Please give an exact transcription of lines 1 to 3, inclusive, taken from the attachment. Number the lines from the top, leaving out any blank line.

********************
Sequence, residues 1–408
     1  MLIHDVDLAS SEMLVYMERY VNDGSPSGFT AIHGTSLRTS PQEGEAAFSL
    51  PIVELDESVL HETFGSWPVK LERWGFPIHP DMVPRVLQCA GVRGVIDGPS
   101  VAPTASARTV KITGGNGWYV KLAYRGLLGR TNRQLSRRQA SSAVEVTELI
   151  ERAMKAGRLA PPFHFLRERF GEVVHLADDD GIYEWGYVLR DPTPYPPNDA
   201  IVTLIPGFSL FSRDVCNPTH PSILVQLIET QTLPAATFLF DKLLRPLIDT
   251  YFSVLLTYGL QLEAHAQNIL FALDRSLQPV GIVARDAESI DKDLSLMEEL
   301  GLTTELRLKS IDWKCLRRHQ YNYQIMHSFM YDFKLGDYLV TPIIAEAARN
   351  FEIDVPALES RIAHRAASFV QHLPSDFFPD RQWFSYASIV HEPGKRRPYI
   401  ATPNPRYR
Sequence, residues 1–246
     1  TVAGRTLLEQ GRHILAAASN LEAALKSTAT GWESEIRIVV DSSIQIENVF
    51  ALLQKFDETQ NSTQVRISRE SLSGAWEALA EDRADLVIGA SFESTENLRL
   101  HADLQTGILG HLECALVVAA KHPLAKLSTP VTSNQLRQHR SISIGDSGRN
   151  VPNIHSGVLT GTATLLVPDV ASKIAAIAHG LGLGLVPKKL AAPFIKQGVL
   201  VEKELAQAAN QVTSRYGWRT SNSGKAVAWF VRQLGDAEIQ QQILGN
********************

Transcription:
Sequence, residues 1–408
     1  MLIHDVDLAS SEMLVYMERY VNDGSPSGFT AIHGTSLRTS PQEGEAAFSL
    51  PIVELDESVL HETFGSWPVK LERWGFPIHP DMVPRVLQCA GVRGVIDGPS